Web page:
Latest satellite data Stories
WASHINGTON, April 7, 2015 /PRNewswire-USNewswire/ -- NASA has joined forces with the U.S. Environmental Protection Agency, National Oceanic and Atmospheric Administration, and U.S.
Imagine an area the size of West Virginia or Sri Lanka being deforested every year, or devoting an area the size of Norway devoid of trees every five years. Because that's exactly what findings from a new study are showing--which directly contradicts previous studies by the U.N.'s Food and Agriculture Organization's Global Forest Resource Assessment (FRA).
From hundreds of miles in orbit, NASA satellites can measure how much rain falls in Niger or detect plant health in Mali. But on the ground, many African farmers and food distributors don't have good information about the growing conditions a few dozen miles down the road.
The use of satellite data to monitor wetlands for sustainable water management is growing.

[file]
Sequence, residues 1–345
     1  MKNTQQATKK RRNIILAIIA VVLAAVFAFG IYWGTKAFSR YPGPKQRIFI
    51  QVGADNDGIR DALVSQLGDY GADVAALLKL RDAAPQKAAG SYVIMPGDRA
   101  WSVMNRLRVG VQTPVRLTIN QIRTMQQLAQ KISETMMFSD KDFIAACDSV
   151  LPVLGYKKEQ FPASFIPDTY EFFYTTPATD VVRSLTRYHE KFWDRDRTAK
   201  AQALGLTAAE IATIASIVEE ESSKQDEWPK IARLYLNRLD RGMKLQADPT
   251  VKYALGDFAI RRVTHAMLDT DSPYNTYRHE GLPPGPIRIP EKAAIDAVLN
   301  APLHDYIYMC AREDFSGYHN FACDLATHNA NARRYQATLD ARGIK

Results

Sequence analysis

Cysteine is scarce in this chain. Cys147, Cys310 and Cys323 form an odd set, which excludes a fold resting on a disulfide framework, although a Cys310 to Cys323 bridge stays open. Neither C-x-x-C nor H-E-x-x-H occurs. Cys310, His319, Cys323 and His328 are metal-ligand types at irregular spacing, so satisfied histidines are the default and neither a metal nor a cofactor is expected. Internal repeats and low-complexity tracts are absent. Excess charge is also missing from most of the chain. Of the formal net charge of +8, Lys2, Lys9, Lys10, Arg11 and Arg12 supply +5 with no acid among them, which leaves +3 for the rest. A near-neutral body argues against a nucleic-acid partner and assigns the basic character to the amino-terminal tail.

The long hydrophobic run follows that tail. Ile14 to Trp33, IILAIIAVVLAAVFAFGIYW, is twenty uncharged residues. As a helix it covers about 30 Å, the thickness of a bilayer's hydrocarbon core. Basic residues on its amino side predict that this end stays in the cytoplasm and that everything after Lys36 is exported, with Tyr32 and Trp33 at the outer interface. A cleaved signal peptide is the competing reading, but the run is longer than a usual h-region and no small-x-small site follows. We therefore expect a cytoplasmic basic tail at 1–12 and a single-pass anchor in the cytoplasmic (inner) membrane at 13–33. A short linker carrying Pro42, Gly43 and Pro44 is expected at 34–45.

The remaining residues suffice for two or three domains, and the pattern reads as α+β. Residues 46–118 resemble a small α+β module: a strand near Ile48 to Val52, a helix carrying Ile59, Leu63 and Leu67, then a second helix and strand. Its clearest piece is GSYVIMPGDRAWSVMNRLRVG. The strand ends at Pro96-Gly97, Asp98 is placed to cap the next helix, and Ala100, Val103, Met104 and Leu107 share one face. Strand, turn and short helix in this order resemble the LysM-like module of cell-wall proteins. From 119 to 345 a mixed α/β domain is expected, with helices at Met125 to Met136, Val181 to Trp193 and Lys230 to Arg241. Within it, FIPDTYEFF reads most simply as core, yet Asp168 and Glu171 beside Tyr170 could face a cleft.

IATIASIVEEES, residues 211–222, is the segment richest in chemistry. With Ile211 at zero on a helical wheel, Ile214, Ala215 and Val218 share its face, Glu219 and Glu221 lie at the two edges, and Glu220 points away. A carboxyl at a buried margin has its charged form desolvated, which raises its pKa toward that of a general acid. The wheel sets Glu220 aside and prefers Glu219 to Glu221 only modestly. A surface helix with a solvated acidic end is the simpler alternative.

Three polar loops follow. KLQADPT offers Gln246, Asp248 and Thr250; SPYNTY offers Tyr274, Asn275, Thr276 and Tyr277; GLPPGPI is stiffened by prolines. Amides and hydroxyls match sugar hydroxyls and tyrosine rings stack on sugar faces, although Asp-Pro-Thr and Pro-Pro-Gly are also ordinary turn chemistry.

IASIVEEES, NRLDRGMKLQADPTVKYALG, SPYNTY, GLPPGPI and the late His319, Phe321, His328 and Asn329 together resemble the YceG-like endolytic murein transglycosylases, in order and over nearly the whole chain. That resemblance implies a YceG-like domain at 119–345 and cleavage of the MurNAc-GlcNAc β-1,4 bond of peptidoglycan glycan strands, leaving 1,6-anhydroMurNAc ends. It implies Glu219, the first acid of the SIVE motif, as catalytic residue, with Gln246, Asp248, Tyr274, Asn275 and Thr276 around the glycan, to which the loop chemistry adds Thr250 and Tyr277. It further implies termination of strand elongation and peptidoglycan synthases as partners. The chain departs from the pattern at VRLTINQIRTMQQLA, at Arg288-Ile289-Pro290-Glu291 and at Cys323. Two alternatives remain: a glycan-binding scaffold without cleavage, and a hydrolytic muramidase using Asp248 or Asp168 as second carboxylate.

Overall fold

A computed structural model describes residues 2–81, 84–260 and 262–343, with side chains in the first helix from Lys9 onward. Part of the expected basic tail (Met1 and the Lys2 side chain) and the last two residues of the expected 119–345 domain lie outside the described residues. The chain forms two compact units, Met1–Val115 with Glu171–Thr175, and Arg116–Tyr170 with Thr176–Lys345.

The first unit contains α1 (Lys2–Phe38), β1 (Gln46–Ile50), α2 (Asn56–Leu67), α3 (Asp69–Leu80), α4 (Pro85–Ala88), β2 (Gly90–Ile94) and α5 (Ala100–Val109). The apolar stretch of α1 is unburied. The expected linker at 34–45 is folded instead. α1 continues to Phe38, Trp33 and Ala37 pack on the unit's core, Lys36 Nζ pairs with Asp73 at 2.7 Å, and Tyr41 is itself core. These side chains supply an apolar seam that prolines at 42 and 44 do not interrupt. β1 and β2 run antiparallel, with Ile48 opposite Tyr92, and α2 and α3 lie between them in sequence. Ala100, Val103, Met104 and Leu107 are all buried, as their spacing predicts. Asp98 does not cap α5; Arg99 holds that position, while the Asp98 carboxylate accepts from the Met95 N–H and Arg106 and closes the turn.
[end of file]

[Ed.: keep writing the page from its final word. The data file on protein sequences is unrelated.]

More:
New research from a team of European scientists has found there isn't enough satellite data to determine the rate of polar ice cap melt very far into the future and warned against using current trends to predict sea level rise that might result from melting glaciers.
An ongoing project using NASA and Indian satellite data has identified two factors that are creating a potentially volatile Southern California wildfire season.
The Eastern Pacific Ocean has become "tropically" alive on NASA satellite data today, Sept. 14.
Some of Greenland's glaciers are moving approximately 30% faster than they were a decade ago, contributing to the rising sea level but not reaching worst-case speed levels that experts once feared.
In the year that severe flooding and landslides claimed over 800 lives in Brazil’s Rio de Janeiro state, Brazil has joined the international space organization that makes timely satellite data available to rescue authorities during disasters.
- Any of various tropical Old World birds of the family Indicatoridae, some species of which lead people or animals to the nests of wild honeybees. The birds eat the wax and larvae that remain after the nest has been destroyed for its honey.